Three months of ketogenic diet therapy may be enough to evaluate the appropriateness of the diet, whether or not epilepsy patients are benefiting from it, according to a new study.
The investigation, which was carried out by researchers from the Affiliated Hospital of Nantong University and Children’s Hospital of Fudan University, in China, aimed to a) evaluate the six-month efficacy of a ketogenic diet in children with drug-resistant epilepsy, and b) analyse the associated factors that affect the efficacy of the diet.
A total of 87 children with epilepsy who followed a ketogenic diet for at least six months were included in the study, and the effectiveness of the diet was assessed based on the continued frequency of seizures, as recorded and reported by parents and caregivers.
Gender, age, seizure type, cause of epilepsy, blood glucose and ketone levels, pre-treatment seizure frequency and cognitive ability (in relation to the length of time on the diet) were among the other variables analyzed during the study, the results of which were published in the medical journal Epilepsy & Behavior.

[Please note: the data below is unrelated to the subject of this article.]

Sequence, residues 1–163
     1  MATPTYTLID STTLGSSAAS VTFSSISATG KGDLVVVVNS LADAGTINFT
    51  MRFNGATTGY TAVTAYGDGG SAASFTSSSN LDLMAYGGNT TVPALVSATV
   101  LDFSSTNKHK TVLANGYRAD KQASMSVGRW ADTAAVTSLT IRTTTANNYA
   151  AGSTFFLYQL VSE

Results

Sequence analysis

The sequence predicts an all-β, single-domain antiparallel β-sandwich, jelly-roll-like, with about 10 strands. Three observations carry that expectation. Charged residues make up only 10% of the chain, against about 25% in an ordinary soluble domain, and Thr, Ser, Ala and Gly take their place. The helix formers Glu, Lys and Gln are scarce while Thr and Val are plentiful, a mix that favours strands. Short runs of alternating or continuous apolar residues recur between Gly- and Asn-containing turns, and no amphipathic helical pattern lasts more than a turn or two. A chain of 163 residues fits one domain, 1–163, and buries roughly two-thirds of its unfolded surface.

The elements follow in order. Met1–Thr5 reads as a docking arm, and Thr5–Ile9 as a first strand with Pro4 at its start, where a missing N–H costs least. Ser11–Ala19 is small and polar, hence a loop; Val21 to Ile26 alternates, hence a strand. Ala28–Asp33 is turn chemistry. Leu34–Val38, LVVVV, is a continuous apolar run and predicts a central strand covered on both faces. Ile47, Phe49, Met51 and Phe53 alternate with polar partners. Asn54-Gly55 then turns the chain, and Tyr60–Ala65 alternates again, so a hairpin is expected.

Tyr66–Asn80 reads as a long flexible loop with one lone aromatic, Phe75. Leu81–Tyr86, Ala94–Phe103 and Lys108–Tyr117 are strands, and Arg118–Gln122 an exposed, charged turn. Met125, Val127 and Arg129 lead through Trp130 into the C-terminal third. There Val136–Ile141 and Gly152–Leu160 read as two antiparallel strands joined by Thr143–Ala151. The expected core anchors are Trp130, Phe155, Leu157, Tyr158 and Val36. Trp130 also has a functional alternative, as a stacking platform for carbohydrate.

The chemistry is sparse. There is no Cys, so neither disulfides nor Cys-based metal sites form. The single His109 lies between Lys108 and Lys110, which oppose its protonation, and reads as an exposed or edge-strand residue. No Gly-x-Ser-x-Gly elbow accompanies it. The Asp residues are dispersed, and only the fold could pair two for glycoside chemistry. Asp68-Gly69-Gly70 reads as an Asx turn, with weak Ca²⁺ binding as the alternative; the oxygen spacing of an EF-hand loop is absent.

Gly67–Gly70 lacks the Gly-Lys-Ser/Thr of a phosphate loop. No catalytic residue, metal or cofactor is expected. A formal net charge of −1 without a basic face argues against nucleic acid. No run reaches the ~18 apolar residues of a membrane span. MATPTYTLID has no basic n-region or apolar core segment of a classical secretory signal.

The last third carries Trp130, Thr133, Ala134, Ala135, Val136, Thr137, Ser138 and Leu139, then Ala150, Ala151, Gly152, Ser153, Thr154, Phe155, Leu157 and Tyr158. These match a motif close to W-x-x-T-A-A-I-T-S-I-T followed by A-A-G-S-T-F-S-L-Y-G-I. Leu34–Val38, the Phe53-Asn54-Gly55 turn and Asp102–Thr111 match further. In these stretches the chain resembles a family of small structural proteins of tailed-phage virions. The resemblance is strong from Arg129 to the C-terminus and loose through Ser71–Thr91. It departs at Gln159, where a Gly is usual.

The three-month efficacy rate of the diet was found to be 51%, a percentage that did not increase further when the course was extended to six months. This suggests that three months may be long enough to determine whether ketogenic diet therapy is appropriate for a patient, a discovery that could potentially improve compliance and prevent resources from being wasted.
Other findings showed a positive correlation between cognitive ability and diet efficacy after three months, while the overall benefits of the diet were more pronounced in those with a single seizure type compared to those affected by multiple seizure types (although specific seizure type didn’t appear to have a bearing). No correlation was found between the three-month efficacy of the diet and either age, gender, cause of epilepsy, blood glucose or ketone levels, or seizure frequency prior to treatment.
The researchers commented: “An observation time of three months is appropriate for assessing the efficacy of a ketogenic diet in treating children with drug-resistant epilepsy.
The factors that likely influence the efficacy of a ketogenic diet are unclear, but our study suggests that incorporating more patient samples will help determine whether patients with certain syndromes can benefit from a ketogenic diet.”
Posted by Steve Long